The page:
Sin and Boredom

Wednesday, October 14, AD 2015




Vice is a monster of so frightful mien, As, to be hated, needs but to be seen; Yet seen too oft, familiar with her face, We first endure, then pity, then embrace.

Alexander Pope

Then get bored by.  That is what I take away from this interesting piece of news:

Opening a copy of Playboy magazine on an airplane or at a hair salon may no longer have people raising their eyebrows.

Playboy will no longer publish images of fully nude women in its magazine beginning this spring. The move comes as part of a redesign that will be unveiled next March, Playboy Enterprises, Inc., announced Tuesday. The magazine will still feature women in provocative poses, but they will no longer bare all when the March issue is released in February, according to a statement from Playboy.

The onslaught of Internet pornography has made the nude images in Playboy “passé,” Scott Flanders, the company’s chief executive, told the New York Times.

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7 Responses to Sin and Boredom

  • Donald,

    Reminds me a great deal of some thoughts by Reinhard Hutter in his excellent article here:


  • I confess that when I was a submarine sailor long ago I maintained a deep and abiding interest in Playboy magazine. Of course I do not excuse my behavior as morally acceptable (on the contrary!), but nevertheless such “literature” was quite common to be found stowed in the bunks of sailors underneath the sea for months on end. I thought that Playboy’s chief competitors, Hustler and Penthouse at that time, to be several steps lower in overall quality than Playboy itself. In fact, the photography in those magazines never appealed to me in the way that the classical photography in Playboy excited me, and I rarely if ever wasted my money on them. Having seen pictures of Greek and Roman sculptures of women all through my youth, and having seen some actual sculptures at museums, I found the Playboy of the 1970s and 1980s to be similar in taste and not a substitute for gynecological photographs (though what may exist today I do not know but can imagine). Yet in the end the photographs in Playboy were a means towards self-gratification and an objectification of women as mere objects of sexual desire. Once the good Lord finally took the baseball bat of drug and alcohol withdrawals to my sick head and got me into a 12 step program, both my sponsor and my confessor (a Franciscan priest at a monestary in Graymoor, NY) would tell me that such self-gratification was simply another way to get high, and one cannot be high and sober at the same time.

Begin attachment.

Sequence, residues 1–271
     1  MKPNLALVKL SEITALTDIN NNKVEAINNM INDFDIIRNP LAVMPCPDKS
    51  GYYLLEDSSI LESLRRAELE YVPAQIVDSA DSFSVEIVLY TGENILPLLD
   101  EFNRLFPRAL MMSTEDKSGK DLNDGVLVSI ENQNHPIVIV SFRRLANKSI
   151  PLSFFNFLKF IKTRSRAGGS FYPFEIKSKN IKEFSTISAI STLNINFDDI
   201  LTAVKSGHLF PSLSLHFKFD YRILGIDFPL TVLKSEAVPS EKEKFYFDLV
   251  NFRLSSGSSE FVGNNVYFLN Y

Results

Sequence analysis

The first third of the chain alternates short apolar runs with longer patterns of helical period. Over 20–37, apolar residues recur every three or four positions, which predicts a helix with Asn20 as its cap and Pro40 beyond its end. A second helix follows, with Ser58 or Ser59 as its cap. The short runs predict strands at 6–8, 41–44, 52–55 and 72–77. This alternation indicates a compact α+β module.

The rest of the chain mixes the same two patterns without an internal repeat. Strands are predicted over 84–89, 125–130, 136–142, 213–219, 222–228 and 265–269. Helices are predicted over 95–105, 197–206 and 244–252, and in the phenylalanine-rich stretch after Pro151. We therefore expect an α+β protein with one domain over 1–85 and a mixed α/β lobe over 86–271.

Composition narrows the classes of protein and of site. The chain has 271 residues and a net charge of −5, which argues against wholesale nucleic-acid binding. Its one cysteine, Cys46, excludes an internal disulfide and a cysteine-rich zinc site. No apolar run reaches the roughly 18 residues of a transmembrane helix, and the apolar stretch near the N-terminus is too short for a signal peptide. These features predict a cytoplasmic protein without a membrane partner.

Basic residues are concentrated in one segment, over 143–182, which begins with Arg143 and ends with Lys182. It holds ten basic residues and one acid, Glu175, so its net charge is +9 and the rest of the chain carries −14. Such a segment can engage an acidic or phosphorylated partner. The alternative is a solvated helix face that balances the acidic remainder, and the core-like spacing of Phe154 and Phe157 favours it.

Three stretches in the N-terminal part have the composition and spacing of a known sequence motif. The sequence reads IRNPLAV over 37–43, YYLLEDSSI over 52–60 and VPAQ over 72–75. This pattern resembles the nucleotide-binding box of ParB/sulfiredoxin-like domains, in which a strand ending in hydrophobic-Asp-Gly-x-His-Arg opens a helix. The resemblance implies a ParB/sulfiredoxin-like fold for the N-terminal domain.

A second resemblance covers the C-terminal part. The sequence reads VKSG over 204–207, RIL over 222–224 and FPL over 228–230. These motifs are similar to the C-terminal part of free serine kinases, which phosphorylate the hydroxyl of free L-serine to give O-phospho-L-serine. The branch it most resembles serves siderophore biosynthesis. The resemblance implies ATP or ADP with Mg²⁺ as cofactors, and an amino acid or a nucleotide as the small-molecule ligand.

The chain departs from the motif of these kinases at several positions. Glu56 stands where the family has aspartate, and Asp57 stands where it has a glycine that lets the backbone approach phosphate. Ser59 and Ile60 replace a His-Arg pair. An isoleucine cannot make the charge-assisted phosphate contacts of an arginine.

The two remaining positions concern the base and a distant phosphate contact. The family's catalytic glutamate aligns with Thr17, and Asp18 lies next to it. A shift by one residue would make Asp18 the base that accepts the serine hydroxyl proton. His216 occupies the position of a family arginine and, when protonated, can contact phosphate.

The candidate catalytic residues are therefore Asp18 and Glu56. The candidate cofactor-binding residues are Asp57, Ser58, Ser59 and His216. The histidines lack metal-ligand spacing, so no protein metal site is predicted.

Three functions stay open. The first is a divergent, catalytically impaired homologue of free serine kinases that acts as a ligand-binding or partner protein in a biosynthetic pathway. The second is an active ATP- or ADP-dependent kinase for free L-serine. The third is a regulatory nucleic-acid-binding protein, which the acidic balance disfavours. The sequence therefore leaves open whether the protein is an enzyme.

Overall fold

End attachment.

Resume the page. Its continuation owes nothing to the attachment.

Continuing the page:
As for Hugh Hefner, Bob Guccione of Penthouse was worse I suppose. But more than his magazine, it was Hefner’s stylized life of wealth and “carefreeness” (is that a word?) in a harem glorified in all the popular news media that truly objectified women. Perhaps he was no different in having his harem than either King David or King Solomon were in having their hundreds of concubines. But while as a submarine sailor I liked his magazine, him I never did like. He could never remain loyal to one woman, and that is the whole point of his publication: why have any one woman when for a small paltry sum you may have a thousand women and be your own King Solomon. The Book of Ecclesiastes tells us how well that works out.

  • “Reminds me a great deal of some thoughts by Reinhard Hutter in his excellent article here: